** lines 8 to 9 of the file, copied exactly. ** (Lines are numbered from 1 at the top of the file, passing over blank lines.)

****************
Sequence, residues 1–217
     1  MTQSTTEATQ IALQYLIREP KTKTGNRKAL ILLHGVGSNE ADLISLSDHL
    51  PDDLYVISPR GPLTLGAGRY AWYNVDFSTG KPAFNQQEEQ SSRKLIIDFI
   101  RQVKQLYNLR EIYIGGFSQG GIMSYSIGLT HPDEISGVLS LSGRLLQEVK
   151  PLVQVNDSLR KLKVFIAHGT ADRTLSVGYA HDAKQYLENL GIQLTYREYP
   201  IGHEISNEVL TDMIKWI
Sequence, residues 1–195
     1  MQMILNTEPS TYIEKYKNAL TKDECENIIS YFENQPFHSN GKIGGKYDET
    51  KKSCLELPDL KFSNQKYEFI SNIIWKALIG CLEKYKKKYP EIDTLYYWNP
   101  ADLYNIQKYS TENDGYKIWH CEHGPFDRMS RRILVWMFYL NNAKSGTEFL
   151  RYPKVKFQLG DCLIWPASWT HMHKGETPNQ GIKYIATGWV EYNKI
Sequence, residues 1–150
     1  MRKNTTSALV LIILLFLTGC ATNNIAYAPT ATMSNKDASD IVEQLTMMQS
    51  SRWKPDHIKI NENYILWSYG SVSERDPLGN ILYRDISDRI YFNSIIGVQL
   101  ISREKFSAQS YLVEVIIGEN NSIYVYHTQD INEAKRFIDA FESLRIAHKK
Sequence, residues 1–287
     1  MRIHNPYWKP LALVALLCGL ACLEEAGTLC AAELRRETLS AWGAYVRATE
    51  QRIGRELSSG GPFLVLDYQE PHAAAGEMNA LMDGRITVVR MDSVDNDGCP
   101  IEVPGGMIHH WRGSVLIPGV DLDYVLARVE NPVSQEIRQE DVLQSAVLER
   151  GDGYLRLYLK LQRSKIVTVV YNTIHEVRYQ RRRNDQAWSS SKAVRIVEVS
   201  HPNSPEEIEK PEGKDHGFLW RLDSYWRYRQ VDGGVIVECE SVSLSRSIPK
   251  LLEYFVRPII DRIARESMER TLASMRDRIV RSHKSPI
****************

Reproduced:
     1  MQMILNTEPS TYIEKYKNAL TKDECENIIS YFENQPFHSN GKIGGKYDET
    51  KKSCLELPDL KFSNQKYEFI SNIIWKALIG CLEKYKKKYP EIDTLYYWNP